According to the FinCEN guidance, given that federal law prohibits the distribution and sale of marijuana, any financial transaction involving an MRB would technically involve funds derived from illegal activity. As such, the financial institutions should be filing a SAR related to the activity involving the MRB. This filing is required even in cases where the financial transactions involve an MRB that is otherwise operating in accordance with state laws and is duly licensed under state law.
With respect to financial transactions that involve MRBs, FinCEN has outlined three specific kinds of SAR filings expected from financial institutions based on the transactions and activity involved: Marijuana Limited SARs, Marijuana Priority SARs, and Marijuana Termination SARs.
A Marijuana Limited SAR should be filed by a financial institution when the financial institution provides financial services to an MRB that the financial institution “reasonably believes, based on its customer due diligence, does not implicate one of the Cole Memo priorities or violate state law.” The Marijuana Limited SAR should include certain basic identifying information about the subject of the SAR, the parties involved, and the fact that the filing institution is filing the SAR solely because the subject is engaged in an MRB and the fact that there is no additional suspicious activity related to the transaction. In addition, the narrative section of the SAR should include the phrase “Marijuana Limited.”
A Marijuana Priority SAR should be filed by a financial institution when the financial institution provides financial services to an MRB that the financial institution “reasonably believes, based on its customer due diligence, implicates one of the Cole Memo priorities or violates state law.” The Marijuana Priority SAR should include more detailed information about the subject of the SAR and the parties involved. The SAR should also include details regarding the enforcement priorities the financial institution believes have been implicated and specific details about the financial transactions. Again here, the narrative section of the SAR should specifically include the phrase “Marijuana Priority.”
Finally, where a financial institution decides to terminate a relationship with an MRB in order to maintain an effective anti-money laundering compliance program, FinCEN expects the financial institution to file a Marijuana Termination SAR and note in the narrative the basis for the termination of the relationship. Financial institutions should also use the term “Marijuana Termination” in the narrative section of the SAR. Furthermore, if the financial institution becomes aware that the MRB is trying to move to a second financial institution, the first institution should consider using the section 314(b) voluntary information sharing permissions to alert the second financial institution of potential illegal activity.
FinCEN also provides a nonexhaustive list of red flags that indicate that an MRB may be engaged in activities that implicate one of the Cole Memo priorities or may otherwise violate state law. The red flags should be used as a starting point for financial institutions to determine the specific type of SAR that is needed. Some red flags will be obvious based on a financial institution’s ongoing monitoring and customer due diligence, but others will warrant additional examination by internal teams to assess risks and the evolving reality of the legal marijuana industry.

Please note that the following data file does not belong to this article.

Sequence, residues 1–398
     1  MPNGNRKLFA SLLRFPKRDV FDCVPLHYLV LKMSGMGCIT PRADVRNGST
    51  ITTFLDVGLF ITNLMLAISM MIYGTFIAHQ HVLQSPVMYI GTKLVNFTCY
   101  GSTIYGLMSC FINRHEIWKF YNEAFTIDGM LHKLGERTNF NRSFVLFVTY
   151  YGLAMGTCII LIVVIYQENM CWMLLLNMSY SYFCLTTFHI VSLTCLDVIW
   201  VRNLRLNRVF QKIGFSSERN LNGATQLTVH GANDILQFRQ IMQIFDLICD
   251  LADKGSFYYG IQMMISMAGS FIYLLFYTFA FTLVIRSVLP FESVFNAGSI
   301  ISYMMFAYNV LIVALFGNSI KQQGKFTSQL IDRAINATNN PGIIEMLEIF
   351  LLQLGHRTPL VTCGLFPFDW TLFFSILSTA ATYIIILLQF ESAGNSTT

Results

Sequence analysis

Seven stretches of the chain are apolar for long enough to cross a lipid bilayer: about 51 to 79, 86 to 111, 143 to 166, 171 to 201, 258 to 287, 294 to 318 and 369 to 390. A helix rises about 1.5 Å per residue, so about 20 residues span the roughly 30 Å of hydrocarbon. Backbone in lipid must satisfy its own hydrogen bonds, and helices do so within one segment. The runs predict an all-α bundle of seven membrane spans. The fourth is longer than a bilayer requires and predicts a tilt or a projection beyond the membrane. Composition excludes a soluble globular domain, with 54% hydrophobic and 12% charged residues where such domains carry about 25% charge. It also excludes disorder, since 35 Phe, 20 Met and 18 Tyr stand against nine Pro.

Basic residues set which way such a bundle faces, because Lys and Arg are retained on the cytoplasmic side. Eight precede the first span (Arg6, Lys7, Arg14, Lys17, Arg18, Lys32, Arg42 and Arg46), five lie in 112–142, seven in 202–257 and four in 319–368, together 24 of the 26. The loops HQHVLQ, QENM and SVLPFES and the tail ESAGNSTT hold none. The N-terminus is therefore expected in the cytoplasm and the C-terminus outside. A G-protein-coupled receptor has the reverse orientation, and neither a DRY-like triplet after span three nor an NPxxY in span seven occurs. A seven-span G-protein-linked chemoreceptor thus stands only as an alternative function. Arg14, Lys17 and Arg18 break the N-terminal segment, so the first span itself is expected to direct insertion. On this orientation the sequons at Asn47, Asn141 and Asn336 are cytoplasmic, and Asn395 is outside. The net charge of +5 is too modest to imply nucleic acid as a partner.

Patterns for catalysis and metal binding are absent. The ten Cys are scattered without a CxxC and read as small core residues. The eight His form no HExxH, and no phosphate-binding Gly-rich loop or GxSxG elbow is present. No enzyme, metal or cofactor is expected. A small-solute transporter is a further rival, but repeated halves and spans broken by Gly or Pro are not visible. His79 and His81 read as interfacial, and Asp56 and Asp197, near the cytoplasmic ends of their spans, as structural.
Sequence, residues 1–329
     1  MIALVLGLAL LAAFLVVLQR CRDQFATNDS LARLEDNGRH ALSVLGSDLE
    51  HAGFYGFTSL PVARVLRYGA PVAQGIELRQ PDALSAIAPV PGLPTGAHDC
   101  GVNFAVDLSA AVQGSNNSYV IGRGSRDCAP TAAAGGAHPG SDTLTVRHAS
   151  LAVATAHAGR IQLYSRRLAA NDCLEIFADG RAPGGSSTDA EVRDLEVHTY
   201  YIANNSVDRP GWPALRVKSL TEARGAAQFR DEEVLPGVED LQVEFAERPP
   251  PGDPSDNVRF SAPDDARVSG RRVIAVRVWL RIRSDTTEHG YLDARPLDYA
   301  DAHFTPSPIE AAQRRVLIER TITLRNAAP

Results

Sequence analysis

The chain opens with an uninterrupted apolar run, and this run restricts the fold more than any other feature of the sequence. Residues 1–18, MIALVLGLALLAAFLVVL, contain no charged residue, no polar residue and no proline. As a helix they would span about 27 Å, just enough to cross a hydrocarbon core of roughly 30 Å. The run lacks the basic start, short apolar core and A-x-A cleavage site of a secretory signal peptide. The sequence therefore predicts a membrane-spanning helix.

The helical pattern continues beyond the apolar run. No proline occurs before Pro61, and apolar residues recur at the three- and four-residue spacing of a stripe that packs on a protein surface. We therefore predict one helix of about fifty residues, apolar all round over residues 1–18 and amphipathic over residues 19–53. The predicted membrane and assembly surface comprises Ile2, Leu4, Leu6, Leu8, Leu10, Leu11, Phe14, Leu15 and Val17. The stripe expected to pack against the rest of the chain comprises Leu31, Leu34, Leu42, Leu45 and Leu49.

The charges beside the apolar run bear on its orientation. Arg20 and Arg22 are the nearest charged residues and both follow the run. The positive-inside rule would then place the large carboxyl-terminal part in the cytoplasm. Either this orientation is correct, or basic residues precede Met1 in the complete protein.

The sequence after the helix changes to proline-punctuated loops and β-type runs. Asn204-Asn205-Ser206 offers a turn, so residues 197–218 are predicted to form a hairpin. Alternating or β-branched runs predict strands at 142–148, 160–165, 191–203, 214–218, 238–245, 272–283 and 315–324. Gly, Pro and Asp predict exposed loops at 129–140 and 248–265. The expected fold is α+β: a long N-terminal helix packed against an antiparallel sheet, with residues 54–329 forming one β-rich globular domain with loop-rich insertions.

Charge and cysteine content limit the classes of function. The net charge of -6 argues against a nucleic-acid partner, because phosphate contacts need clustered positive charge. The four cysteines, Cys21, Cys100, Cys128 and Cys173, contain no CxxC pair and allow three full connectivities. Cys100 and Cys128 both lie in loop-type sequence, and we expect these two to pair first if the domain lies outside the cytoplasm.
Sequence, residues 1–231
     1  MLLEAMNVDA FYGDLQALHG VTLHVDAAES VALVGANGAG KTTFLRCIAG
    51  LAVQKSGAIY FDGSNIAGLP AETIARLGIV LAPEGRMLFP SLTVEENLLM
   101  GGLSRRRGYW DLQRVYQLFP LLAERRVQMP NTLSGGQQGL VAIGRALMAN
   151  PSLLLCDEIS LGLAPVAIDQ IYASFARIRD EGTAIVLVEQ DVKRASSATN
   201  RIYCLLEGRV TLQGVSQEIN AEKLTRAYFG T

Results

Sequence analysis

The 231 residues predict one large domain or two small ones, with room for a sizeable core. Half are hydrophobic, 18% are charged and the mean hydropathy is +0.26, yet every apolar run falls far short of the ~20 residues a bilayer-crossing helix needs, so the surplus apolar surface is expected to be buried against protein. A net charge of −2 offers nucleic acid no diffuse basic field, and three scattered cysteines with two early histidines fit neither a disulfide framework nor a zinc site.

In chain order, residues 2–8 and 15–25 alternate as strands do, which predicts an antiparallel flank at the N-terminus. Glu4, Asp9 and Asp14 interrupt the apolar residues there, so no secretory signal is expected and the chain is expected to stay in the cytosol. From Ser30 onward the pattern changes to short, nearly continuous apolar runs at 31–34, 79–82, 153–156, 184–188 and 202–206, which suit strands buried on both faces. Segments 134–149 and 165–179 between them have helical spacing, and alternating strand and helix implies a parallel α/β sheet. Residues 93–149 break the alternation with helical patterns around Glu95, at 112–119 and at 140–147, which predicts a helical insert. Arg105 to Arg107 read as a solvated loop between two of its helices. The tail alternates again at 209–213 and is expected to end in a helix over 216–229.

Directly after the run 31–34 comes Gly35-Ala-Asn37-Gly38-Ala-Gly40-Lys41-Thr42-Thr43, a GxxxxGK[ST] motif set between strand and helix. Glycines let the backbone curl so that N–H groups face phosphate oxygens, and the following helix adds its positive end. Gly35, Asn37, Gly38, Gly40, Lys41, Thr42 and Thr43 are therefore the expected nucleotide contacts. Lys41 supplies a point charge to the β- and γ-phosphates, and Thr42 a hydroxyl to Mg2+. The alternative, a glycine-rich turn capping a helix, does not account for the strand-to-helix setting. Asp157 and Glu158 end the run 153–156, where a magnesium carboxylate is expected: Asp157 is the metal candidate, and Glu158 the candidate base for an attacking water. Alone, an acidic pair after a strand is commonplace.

Services to Hemp Businesses
Given that hemp is no longer a controlled substance under federal law, financial institutions can more freely provide services, including deposit accounts and loans, to hemp-related businesses. Financial institutions are also not required to file SARs on hemp customers solely because they are engaged in the growth or cultivation of hemp in accordance with applicable laws and regulations. Regardless of a financial institution’s decision to provide services to a hemp-related business, the financial institution must review its BSA/AML compliance program and ensure that it is ultimately commensurate with the complexity and level of risk involved.
In addition, financial institutions must understand the dynamics of the state and federal requirements for domestic hemp programs and businesses. Many states have plans for hemp programs and its participants—who would be the prospective customers of the financial institution—but the U.S. Department of Agriculture first must approve the plans adopted by the state in accordance with the rules released in October 2019.
The decision to provide financial services to a cannabis-related business, whether directly or indirectly involved in hemp, marijuana, CBD, or some other derivative of cannabis, is ultimately a decision for each specific financial institution to consider based on several institution-specific factors. Policies and procedures should be updated to provide clear and consistent internal guidance and expectations. Staff should develop a comprehensive understanding of the applicable state laws and licensing regimes, and institutions should consider the existing regulatory guidance on high-risk businesses and engaging in offering new or expanded products and services.
 See 21 U.S.C. § 801 et seq.
 See James M. Cole, Memorandum for all United States Attorneys, Guidance Regarding Marijuana Enforcement (Aug. 29, 2013).
 See Memorandum for all United States Attorneys, Guidance Regarding Marijuana Related Financial Crimes (Feb. 14, 2014).
 See Jefferson B. Sessions, Memorandum for all United States Attorneys, Marijuana Enforcement (Jan. 4, 2018).
 See BSA Expectations Regarding Marijuana-Related Businesses, FIN-2014-G001 (Feb. 14, 2014).
 See also Providing Financial Services to Customers Engaged in Hemp-Related Businesses, SR Letter 19-14 (Dec. 3, 2019).
 See USDA Interim Final Rule, Establishment of a Domestic Hemp Production Program, 84 Fed. Reg. 58522 (Oct. 31, 2019).
 See New, Modified, or Expanded Bank Products and Services: Risk Management Principles, OCC Bulletin 2017-43 (Oct. 20, 2017); see also Teresa Curran, Considerations When Introducing a New Product or Service at a Community Bank, Community Banking Connections (First Quarter 2013).